“It was an eye opener for us,” Newton said. “We were shocked by the scale of decontamination capability and the security enterprise that comes with it. And understanding how much of the provincial and federal government is activated in a chemical or biological scenario was a big lesson.”
Central to all of these exercises is the importance of personal relationships and a firm understanding of each organization’s capability. As he described the details of each exercise, Newton emphasized the need to know what others “can bring to the fight,” whether it is the navy working with the army or with other government agencies. “You have to see it, experience it and build relationships with those who operate in it so that when a crisis does occur, you know how to coordinate and cooperate. You can practice this until the cows come home in scenarios, but the future never pans out the way you exercise, so it defaults to person-to-person relationships and knowing each others’ capabilities.”
As an example, he noted that many in the army perceive Trinity, the JTFA intelligence and data fusion centre, as solely a naval resource and fail to capitalize on its strengths. “It’s all about understanding who the operators are and the type of information they are used to dealing with. If you don’t know what they can deal with, you don’t know what to ask for. So a lot of this was relationship building, but some of it was real capability demonstration.”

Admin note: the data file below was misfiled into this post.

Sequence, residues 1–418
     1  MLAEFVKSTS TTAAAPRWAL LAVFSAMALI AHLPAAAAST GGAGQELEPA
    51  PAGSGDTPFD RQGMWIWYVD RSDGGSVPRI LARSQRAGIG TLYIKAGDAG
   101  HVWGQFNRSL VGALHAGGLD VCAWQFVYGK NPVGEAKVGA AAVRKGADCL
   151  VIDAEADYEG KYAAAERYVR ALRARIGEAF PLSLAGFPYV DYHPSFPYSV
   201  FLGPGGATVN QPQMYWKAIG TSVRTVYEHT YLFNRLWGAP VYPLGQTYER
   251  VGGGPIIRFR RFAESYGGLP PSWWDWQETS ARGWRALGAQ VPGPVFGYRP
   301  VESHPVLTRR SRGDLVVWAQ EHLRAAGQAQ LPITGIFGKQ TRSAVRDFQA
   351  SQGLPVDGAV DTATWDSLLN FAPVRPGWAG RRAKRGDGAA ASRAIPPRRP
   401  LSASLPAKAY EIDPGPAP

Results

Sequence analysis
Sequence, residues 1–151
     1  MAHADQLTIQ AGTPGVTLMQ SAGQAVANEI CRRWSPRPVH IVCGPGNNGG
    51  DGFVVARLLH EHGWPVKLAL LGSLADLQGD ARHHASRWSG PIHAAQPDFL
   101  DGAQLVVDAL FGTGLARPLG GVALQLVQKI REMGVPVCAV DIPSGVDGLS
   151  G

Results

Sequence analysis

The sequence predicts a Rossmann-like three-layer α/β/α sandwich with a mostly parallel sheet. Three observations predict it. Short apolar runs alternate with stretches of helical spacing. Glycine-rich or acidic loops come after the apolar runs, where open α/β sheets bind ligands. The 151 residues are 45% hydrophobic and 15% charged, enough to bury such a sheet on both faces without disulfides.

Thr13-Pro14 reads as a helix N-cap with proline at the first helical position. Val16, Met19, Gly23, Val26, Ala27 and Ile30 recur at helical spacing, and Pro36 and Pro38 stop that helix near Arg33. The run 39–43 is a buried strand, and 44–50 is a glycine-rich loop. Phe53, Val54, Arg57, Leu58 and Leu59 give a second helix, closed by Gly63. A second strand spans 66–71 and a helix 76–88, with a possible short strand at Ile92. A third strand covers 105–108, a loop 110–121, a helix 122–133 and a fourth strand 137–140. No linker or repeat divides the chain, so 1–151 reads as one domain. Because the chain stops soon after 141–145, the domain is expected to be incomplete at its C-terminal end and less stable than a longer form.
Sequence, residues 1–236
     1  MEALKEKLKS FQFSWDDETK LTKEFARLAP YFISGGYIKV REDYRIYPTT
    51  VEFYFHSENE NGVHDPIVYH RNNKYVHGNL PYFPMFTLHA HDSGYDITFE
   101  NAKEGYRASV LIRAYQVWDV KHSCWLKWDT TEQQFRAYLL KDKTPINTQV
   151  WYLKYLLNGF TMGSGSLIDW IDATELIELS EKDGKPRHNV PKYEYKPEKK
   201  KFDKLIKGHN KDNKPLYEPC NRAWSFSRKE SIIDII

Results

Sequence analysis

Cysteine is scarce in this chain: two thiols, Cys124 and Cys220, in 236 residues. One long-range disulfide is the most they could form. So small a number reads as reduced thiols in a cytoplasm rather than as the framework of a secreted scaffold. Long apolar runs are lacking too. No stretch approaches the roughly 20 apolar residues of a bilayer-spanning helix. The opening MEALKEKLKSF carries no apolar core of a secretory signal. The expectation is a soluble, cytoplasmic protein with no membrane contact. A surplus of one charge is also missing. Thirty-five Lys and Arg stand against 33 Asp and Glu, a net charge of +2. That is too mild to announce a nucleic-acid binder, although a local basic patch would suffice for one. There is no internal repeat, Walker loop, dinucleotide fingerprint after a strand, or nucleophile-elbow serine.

Generating a land-sea effect does not necessarily require permanent army-navy teams, but Newton notes that the shared experience of, for example, army counter-IED engineers and navy UXO (unexploded ordnance disposal) clearance divers means they are less likely to “strike off in different directions, developing new capabilities and advocating for technologies in purely an army or navy stream. It’s about being able to come to the fight with common procedures and tactics, knowing what kind of communications and bandwidth others have to share information. It brings us together with a shared understanding, which I always consider to be the most important element.”
One of the most recent illustrations of a powerful land-sea effect has been the interim introduction of unmanned aerial vehicles (UAVs) aboard Halifax-class frigates. Newton says that as with helicopter aircrews that, half a century ago, became part of a ship’s company, members of the army’s air defence regiment have adapted to life at sea and are establishing themselves as a vital part of the crew. The navy is still determining how to proceed with its next generation of UAVs and their operators but he believes “there will always be a relationship with the army.”